A two-year pilot program for an independent complaints and disputes resolution model will allow Australian sporting organisations to effectively respond to escalating and shifting integrity threats across sport.
Commonwealth Games Australia has welcomed the Federal Government announcement of $10 million in funding for the Sport Integrity Australia program commencing in 2021.
This fast tracks the capability resources and capability of Sport Integrity Australia with the profile and incidence of serious complaints evolving more rapidly than anticipated, requiring an accelerated response.
Commonwealth Games Australia, in conjunction with fellow peak sporting bodies the Australian Olympic Committee and Paralympics Australia will work with both Sport Integrity Australia and the National Sports Tribunal to ensure all sports can access these programs.
Commonwealth Games Australia CEO Craig Phillips said the fast-tracking of the resources available for Sports Integrity Australia and the National Sports Tribunal is crucial to the safeguarding and governance of Australian sport.
“Having access to a truly independent process for grievances, tribunals, selection disputes and other issues is crucial to the integrity of Australian sport,” Phillips said.
“Commonwealth Games Australia will look to how we can adopt the National Sports tribunal processes for our team selection, Code of Conduct and dispute resolution activities for our Birmingham 2022 team and we congratulate the Government and Minster for Youth and Sport Richard Colbeck for providing secured funding for the pilot program through to 2023.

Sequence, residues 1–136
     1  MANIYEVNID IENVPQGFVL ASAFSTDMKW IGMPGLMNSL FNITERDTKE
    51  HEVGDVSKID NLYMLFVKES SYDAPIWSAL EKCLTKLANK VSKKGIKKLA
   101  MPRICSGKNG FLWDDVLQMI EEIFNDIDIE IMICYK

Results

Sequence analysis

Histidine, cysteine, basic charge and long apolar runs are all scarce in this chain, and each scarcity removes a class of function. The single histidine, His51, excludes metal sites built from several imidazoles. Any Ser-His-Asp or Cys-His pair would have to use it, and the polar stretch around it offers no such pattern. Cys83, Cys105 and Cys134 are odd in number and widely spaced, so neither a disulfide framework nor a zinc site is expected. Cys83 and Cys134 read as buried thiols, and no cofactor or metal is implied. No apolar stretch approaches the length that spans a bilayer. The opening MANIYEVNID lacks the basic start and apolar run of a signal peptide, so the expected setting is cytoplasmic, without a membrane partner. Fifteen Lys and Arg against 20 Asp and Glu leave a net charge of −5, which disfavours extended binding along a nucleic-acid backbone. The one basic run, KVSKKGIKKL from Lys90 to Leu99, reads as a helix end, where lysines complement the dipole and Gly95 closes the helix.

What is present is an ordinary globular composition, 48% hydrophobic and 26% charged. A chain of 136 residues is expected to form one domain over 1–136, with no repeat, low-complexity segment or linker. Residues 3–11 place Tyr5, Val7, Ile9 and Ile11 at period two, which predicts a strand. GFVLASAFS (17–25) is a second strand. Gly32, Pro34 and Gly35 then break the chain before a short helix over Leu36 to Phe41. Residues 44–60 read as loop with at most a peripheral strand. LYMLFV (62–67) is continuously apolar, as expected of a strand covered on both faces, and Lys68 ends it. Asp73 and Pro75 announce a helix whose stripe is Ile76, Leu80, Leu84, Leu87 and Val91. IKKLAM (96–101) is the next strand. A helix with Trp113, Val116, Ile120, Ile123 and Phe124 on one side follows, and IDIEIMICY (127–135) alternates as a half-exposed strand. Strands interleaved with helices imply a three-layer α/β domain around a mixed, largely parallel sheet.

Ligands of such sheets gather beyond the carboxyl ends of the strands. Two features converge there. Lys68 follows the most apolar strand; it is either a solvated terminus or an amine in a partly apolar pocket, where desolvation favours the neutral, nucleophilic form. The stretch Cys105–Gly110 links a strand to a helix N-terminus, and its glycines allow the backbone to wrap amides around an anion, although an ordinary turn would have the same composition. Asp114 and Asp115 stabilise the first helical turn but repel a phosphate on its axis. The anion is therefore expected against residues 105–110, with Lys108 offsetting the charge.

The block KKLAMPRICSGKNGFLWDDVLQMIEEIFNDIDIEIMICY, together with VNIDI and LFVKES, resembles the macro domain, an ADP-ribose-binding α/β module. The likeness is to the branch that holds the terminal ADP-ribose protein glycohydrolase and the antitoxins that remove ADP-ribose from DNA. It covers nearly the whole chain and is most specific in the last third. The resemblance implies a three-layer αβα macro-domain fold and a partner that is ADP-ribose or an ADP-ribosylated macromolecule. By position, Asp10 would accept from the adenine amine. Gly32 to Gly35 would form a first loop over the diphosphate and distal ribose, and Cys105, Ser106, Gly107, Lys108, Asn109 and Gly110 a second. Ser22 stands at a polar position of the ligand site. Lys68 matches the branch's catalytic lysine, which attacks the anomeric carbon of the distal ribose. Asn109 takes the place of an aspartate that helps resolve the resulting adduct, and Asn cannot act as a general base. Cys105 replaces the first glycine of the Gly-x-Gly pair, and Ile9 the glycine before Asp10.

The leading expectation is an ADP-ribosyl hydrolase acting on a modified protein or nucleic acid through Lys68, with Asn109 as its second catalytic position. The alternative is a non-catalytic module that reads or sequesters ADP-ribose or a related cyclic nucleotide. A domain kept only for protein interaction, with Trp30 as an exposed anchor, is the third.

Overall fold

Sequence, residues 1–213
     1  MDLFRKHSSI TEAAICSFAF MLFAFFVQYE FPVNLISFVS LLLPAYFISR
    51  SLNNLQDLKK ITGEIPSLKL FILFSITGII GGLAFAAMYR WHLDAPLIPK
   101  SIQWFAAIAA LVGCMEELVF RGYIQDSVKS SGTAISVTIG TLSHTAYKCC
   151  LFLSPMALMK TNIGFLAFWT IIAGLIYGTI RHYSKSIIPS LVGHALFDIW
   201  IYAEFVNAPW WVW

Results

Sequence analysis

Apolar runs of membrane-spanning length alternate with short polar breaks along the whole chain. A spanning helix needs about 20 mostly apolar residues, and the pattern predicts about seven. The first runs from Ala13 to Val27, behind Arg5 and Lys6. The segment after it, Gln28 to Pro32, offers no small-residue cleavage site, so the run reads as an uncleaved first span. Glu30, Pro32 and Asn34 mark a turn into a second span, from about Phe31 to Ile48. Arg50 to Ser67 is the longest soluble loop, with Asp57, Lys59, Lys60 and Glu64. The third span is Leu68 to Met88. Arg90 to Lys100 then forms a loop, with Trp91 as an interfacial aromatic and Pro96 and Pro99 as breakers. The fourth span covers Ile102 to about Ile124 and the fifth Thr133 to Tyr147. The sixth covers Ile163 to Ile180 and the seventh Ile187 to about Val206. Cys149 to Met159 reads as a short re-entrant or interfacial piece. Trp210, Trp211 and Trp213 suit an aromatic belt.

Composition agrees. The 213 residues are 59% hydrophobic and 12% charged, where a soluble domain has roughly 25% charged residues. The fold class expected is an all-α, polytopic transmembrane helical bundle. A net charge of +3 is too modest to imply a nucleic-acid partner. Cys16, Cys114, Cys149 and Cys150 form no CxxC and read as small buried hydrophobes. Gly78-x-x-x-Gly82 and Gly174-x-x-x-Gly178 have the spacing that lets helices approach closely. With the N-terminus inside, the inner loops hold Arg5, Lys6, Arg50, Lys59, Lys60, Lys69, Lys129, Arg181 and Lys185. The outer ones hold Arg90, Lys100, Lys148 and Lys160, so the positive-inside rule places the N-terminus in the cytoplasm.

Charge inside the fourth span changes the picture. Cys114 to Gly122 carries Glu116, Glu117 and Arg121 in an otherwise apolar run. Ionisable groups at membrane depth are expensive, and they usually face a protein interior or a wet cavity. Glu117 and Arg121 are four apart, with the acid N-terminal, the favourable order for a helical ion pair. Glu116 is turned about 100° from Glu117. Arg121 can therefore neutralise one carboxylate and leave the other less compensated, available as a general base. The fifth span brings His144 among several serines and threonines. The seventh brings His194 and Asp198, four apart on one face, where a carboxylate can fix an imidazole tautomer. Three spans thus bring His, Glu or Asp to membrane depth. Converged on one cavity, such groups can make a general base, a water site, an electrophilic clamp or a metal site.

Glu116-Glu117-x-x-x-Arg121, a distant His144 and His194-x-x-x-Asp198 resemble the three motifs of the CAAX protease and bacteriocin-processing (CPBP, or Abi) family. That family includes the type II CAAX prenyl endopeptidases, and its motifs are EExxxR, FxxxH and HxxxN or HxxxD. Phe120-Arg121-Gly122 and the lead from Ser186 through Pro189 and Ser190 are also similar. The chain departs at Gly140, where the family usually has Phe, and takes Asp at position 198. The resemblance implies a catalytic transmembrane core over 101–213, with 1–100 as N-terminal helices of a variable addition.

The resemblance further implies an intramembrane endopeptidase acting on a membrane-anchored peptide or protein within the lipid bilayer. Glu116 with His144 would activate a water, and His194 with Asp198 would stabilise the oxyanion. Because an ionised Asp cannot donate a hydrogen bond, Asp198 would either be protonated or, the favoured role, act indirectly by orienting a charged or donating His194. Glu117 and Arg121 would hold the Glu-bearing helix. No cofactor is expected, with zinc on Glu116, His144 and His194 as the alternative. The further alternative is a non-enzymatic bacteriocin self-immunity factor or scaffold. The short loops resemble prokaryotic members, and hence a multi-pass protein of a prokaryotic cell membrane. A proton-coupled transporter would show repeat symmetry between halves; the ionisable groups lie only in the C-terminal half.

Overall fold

“We will also look towards how we work with Sport Integrity Australia to embed safeguarding processes into the management of the team.”
Sport Integrity Australia CEO David Sharpe believes funding of the two year trial is an important step across a range of integrity issues facing Australian sport, including child safeguarding issues.
Sharpe says the centrepiece of the program is the introduction of an independent complaints handling and dispute resolution process.
“The Commonwealth funding will allow the agency to directly assess and, if required, investigate serious and complex matters, correcting a flaw in the national sport integrity ecosystem which has seen too many matters dealt with inadequately,” Sharpe says.
“This has been amplified through the financial impact of COVID-19 which has left many sports under-resourced to deal with complex and emerging threats. We are here to protect sports and the importance of this program can’t be underestimated.”
National sporting organisations can sign up for the complaints and dispute resolution process provided they have fully adopted the National Integrity Framework (NIF).
Sharpe said that it is critical that national sporting organisations take up the option of utilising the new model.
“This will be an opt-in model for sports, if they have signed up for the NIF they will be able to formally raise their integrity-related complaint with Sport Integrity Australia in the first instance. The pilot program is designed to be cost-effective, streamlined and will ease the administrative burden on sports through dealing with these issues while ensuring that such issues are being dealt with consistently, fairly and independently.”
Sharpe emphasises the funding will go towards addressing threats at all levels of sport, from the elite through to the grassroots while reiterating that only complex and serious matters would warrant direct investigation by Sport Integrity Australia.